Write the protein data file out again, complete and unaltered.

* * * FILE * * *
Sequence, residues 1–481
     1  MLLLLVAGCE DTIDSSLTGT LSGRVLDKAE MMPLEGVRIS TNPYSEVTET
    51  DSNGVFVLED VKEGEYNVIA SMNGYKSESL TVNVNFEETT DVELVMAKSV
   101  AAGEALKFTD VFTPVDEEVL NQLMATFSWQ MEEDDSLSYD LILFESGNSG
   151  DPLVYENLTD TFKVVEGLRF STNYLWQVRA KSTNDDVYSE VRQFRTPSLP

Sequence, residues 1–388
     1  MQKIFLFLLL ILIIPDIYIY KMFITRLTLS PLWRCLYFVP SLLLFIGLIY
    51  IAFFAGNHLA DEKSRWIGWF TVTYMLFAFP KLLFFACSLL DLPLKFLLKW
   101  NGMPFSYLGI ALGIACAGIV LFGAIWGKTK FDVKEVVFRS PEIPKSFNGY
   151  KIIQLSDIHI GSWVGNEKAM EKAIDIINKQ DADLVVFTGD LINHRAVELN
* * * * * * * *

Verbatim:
Sequence, residues 1–481
     1  MLLLLVAGCE DTIDSSLTGT LSGRVLDKAE MMPLEGVRIS TNPYSEVTET
    51  DSNGVFVLED VKEGEYNVIA SMNGYKSESL TVNVNFEETT DVELVMAKSV
   101  AAGEALKFTD VFTPVDEEVL NQLMATFSWQ MEEDDSLSYD LILFESGNSG
   151  DPLVYENLTD TFKVVEGLRF STNYLWQVRA KSTNDDVYSE VRQFRTPSLP

Sequence, residues 1–388
     1  MQKIFLFLLL ILIIPDIYIY KMFITRLTLS PLWRCLYFVP SLLLFIGLIY
    51  IAFFAGNHLA DEKSRWIGWF TVTYMLFAFP KLLFFACSLL DLPLKFLLKW
   101  NGMPFSYLGI ALGIACAGIV LFGAIWGKTK FDVKEVVFRS PEIPKSFNGY
   151  KIIQLSDIHI GSWVGNEKAM EKAIDIINKQ DADLVVFTGD LINHRAVELN